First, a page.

Netflix recently announced Box to Box films, the production company behind the hit docuseries Formula 1: Drive to Survive, will produce two more documentary series, focused on the PGA Tour and professional tennis’ Grand Slam events, for the streaming service. Brandon Riegg (VP, Nonfiction Series & Comedy Specials, Netflix) told Bloomberg the PGA, ATP and WTA “took notice of the ‘Drive to Survive’ effect” (see: TV ratings for F1 races in the U.S. are +40% since the docuseries’ debut in 2018) and hope to replicate it in their respective sports. Former HBO Sports president Ross Greenburg said there is plenty of evidence to support the notion. If executed properly, he said, “this form of programming does hit a younger demo, so they are new fans.” But he warns that a docuseries is not enough to convert a viewer into a lifelong fan. It “can attract [viewers] for a look-see,” Greenburg said. “[Those individuals won’t] become permanent fans, though, unless the sport holds up its end of the bargain.” He cited boxing as a cautionary tale: HBO’s 24/7 series, and shows like it, have been able to drive meaningful pay-per-view sales for a number of individual fights, but the fan base has dwindled over the last 15 years.
JWS’ Take: Greenburg (president, Ross Greenburg Productions) knows a thing or two about the all-access sports docuseries genre; he created it back in 2001 with the launch of Hard Knocks. He has since had a hand in producing a long line of behind-the-scenes sports docuseries, including 24/7, Road to the Winter Classic, A Season With and Quest for the Stanley Cup.
But he’s not the only former TV executive who recognizes the benefits of taking innovative, all-access approaches to non-live sports programming. Ron Wechsler, a longtime ESPN and NBC Sports programming executive, pointed out that “24/7 was obviously a huge boon to HBO and its [boxing] PPVs. A lot of people argue The Ultimate Fighter saved the UFC and really kick-started its growth. Hard Knocks helped the NFL and its sustained growth. So, [F1 and] Drive to Survive is just a late, prominent example.”
But Wechsler remains “a bit bearish on whether they can kind of capture that same cultural zeitgeist” with the upcoming docuseries. “Some of the timing elements [Drive to Survive benefited from] are not there, and some of the naturally compelling background elements,” like the pageantry that surrounds each F1 race, are not there, either. “There are a bunch of factors that will make [Drive to Survive’s success] hard to replicate,” he said.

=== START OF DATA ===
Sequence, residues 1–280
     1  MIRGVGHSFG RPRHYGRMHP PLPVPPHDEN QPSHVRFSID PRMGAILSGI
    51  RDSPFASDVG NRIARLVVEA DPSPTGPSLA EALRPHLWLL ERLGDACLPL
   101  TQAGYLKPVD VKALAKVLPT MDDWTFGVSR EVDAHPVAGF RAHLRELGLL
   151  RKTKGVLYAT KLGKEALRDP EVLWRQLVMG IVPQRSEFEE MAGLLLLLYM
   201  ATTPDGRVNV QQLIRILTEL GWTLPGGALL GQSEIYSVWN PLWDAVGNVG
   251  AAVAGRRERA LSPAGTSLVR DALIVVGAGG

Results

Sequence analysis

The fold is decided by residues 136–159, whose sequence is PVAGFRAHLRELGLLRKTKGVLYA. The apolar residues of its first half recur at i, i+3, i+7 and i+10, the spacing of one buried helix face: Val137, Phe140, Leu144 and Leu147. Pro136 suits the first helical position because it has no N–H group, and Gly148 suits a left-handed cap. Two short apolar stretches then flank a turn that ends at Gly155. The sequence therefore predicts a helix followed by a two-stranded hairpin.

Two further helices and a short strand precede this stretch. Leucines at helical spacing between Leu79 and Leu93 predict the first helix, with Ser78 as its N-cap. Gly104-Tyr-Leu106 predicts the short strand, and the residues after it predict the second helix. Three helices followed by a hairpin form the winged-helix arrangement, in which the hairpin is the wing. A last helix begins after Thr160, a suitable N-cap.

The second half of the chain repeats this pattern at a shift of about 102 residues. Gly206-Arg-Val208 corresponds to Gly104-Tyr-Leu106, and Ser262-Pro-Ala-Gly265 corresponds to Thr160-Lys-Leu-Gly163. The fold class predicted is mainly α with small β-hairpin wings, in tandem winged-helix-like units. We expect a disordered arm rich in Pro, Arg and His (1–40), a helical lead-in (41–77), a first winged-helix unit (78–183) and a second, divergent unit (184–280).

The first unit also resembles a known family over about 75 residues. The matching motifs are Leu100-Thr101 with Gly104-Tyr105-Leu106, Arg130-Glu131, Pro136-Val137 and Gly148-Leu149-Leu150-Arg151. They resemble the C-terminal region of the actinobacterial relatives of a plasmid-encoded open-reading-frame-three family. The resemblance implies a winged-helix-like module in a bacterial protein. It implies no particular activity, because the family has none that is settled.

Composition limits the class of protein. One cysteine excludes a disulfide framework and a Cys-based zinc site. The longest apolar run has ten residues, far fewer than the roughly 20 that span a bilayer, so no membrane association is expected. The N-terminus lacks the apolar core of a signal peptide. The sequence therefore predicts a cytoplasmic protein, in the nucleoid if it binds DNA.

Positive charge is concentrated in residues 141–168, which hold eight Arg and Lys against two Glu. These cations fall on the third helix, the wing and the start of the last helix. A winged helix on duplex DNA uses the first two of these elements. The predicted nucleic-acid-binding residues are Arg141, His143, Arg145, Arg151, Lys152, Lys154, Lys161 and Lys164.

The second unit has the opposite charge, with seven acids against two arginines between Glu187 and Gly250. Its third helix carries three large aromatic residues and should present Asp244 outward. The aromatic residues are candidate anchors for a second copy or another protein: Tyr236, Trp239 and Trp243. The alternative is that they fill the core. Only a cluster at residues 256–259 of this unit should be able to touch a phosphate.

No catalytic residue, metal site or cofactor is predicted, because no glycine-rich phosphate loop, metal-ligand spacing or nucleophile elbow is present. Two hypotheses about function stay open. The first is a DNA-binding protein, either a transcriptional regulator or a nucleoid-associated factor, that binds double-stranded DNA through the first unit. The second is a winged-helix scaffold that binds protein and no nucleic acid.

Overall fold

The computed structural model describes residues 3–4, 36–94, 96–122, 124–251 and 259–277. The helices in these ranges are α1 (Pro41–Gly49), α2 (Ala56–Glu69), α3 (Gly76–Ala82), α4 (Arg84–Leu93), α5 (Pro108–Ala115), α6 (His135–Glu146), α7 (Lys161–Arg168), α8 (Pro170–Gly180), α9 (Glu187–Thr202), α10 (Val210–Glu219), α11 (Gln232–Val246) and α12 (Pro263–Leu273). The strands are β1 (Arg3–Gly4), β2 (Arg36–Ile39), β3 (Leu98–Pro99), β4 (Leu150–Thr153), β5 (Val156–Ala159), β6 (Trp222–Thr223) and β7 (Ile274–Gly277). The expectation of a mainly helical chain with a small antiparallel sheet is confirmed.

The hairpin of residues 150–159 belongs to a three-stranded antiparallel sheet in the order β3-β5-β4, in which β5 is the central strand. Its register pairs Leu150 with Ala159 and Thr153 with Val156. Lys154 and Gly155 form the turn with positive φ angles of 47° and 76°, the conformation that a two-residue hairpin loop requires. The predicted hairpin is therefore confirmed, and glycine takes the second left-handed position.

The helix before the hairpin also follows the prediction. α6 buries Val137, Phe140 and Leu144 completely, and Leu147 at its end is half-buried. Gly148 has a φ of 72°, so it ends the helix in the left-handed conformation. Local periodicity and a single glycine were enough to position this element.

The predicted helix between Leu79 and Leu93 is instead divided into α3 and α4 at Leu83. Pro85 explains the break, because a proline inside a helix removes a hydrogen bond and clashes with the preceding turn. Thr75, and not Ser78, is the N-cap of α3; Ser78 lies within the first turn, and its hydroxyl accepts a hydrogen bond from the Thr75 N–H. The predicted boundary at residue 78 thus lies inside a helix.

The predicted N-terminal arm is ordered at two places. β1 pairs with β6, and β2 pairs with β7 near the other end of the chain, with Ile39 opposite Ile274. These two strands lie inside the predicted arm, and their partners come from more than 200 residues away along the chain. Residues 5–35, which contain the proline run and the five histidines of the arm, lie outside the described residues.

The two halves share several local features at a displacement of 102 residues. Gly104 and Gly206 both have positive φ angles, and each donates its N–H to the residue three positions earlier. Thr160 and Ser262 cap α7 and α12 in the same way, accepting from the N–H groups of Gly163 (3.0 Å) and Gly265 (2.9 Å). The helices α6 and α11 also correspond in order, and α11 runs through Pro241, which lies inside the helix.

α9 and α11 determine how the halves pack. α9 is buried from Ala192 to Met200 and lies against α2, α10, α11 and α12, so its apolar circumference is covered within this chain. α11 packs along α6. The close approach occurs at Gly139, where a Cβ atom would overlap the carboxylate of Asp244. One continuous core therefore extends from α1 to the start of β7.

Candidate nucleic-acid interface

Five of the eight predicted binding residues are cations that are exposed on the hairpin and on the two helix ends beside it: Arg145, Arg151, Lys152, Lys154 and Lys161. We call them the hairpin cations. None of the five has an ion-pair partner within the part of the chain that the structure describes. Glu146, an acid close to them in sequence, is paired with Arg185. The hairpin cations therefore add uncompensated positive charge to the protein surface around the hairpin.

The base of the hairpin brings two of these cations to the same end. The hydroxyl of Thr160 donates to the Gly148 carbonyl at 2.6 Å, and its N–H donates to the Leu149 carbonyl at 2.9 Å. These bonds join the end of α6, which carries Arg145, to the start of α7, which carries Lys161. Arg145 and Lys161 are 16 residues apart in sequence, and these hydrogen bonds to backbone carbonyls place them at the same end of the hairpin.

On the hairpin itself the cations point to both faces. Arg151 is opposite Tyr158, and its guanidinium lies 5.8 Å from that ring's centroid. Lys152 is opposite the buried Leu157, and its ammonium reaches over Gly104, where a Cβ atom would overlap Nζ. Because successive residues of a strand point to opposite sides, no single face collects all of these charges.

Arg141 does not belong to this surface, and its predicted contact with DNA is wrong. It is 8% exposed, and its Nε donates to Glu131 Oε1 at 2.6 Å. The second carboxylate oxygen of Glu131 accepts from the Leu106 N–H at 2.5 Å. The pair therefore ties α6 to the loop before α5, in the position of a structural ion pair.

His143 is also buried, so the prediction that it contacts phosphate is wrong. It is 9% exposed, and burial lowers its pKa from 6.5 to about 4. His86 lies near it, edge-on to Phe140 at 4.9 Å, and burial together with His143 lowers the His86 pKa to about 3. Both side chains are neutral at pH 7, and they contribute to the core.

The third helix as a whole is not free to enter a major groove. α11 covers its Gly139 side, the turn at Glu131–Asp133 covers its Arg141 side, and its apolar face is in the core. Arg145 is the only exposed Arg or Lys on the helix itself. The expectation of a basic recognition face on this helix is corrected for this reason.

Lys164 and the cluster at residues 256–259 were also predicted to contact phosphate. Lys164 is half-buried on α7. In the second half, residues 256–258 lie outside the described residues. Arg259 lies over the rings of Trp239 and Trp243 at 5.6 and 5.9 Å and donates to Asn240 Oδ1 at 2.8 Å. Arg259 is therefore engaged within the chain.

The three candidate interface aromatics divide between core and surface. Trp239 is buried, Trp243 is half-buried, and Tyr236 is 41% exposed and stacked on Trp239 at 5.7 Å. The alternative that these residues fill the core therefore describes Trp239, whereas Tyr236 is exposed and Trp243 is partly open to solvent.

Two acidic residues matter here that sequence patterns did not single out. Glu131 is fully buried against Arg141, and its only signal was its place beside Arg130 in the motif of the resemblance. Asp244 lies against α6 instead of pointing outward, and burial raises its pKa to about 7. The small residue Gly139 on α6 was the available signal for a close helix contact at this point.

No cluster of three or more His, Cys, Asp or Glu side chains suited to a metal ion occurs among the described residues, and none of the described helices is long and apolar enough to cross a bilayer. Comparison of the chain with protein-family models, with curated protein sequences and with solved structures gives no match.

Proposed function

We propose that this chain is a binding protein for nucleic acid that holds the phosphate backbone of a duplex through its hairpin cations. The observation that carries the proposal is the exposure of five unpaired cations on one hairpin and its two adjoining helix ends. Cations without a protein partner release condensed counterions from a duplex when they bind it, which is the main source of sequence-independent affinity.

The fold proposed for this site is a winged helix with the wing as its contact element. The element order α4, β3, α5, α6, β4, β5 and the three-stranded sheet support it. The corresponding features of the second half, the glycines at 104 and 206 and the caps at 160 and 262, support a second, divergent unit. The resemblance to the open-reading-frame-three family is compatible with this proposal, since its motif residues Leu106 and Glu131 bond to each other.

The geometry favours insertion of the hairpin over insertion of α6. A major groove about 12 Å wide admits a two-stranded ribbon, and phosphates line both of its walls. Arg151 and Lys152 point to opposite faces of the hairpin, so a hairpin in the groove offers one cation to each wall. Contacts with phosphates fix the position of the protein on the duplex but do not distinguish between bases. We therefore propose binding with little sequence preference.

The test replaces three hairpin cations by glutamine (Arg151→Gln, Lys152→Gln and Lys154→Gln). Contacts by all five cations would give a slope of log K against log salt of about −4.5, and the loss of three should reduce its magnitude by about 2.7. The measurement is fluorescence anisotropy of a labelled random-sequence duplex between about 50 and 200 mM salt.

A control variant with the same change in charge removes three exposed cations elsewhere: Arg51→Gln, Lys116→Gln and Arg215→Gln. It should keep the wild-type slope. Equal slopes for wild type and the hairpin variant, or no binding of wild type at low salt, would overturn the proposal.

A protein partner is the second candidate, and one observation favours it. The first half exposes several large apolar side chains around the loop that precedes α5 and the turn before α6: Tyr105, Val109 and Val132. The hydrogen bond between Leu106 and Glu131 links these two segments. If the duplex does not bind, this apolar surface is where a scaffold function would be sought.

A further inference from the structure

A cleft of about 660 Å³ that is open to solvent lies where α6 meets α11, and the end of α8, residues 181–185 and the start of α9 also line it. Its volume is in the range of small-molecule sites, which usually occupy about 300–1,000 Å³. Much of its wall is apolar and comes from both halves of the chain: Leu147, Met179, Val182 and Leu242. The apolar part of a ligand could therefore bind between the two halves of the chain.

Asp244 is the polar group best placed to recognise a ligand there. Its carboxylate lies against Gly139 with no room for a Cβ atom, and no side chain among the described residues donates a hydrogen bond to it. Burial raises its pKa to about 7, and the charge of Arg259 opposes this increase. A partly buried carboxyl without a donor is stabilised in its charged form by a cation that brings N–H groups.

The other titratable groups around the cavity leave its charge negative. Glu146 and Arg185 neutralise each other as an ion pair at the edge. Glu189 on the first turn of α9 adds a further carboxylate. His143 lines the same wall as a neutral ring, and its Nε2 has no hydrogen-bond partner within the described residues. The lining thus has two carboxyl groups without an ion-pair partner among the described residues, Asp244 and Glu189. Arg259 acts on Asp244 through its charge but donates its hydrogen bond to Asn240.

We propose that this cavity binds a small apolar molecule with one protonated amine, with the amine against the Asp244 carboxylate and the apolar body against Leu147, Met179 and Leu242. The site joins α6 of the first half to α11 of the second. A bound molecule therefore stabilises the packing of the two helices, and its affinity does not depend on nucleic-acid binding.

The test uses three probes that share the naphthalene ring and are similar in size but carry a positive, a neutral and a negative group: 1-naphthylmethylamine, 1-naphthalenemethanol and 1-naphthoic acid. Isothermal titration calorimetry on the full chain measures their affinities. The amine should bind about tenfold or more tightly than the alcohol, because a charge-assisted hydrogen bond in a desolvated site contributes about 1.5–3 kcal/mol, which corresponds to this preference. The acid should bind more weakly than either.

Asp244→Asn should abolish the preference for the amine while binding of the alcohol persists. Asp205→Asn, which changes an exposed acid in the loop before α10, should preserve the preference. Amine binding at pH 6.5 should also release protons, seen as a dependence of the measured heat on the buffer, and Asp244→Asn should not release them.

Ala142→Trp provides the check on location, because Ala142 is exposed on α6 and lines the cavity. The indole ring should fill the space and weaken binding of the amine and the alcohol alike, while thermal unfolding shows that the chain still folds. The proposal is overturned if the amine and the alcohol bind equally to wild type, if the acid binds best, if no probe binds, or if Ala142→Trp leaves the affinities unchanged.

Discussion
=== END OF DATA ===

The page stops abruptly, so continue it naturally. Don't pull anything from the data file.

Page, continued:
Getting the leagues, governing bodies and individual athletes to fully buy in also makes it a challenge. Greenburg said every league and governing body “talks a good game. But once you get on the ground and start shooting, will the doors remain open or will they start shutting?” he asked, seemingly informed by his own experience. If Box to Box is unable to truly pull back the curtain, the show will suffer.
Wechsler still believes it is “absolutely the right move.” Both sports, he said, “need to innovate and more access and superior storytelling is what fans want.”
History has shown a well-executed, all-access docuseries has the potential to become a cultural phenomenon and give the associated league a “foot in the door” with new fans, Greenburg said. “When we launched 24/7 with Mayweather and De La Hoya, it drove the pay-per-view numbers up from where we had been on a consistent basis for the previous 15 years. We thought [the fight] would do 1.2 million buys, [it] ended up doing 2.5 million, and most people credited 24/7 because what it did was drive up major interest, particularly among young demos that had never been exposed to the sport before.”
As noted, the boxing audience has waned in recent years, and Greenburg says a sport must be able to stand on its own merits to hold onto new fans. With so much competition for the fan’s time and attention, that may mean taking risks with the game presentation. “The leagues and all of these sanctioning organizations have to look at their sport and break down the walls,” he said. “They have to [be willing to] give the fan access to the locker room and different aspects of the game, audio-wise and video-wise, that they haven’t given to date. Coaches, owners and general managers have to adapt to the fact that fans want the inside story. This is not about sending a sideline reporter out to give an injury update. This is about really getting behind the scenes during the action. The next generation of producers in sports television, they are going to try to break down the ultimate barrier, which is game-time, all-access,” to generate future growth for sports leagues.
It is logical to wonder if the pool of prospective new fans is large enough to support every sport taking a stab at all-access, non-live content (note: Box to Box is doing a docuseries on World Surf League, too). Greenburg believes it is. “Sports have demonstrated over many years that there is always [room to grow the audience],” he said.
While few dispute Drive to Survive was a positive development for the sport, not everyone is convinced the TV show is responsible for its growth in the U.S. market. Wechsler said the U.S. fan’s increasing desire to watch the best athletes on earth (as opposed to just domestically), the rise of streaming technology (making it easier for U.S. fans to watch races as they air live) and a two-hour broadcast window that didn’t bump up against major sports competition, made F1 a sport primed to grow in the U.S., anyway. F1’s 2017 ownership change (Liberty Media bought it from Bernie Ecclestone) and ESPN’s acquisition of the domestic broadcast rights were also undoubtedly factors in the sport’s rise. For what it’s worth, Netflix has never claimed the show has affected F1’s live ratings. Netflix declined to comment on the docuseries’ impact beyond what it said in the press releases surrounding the two announcements.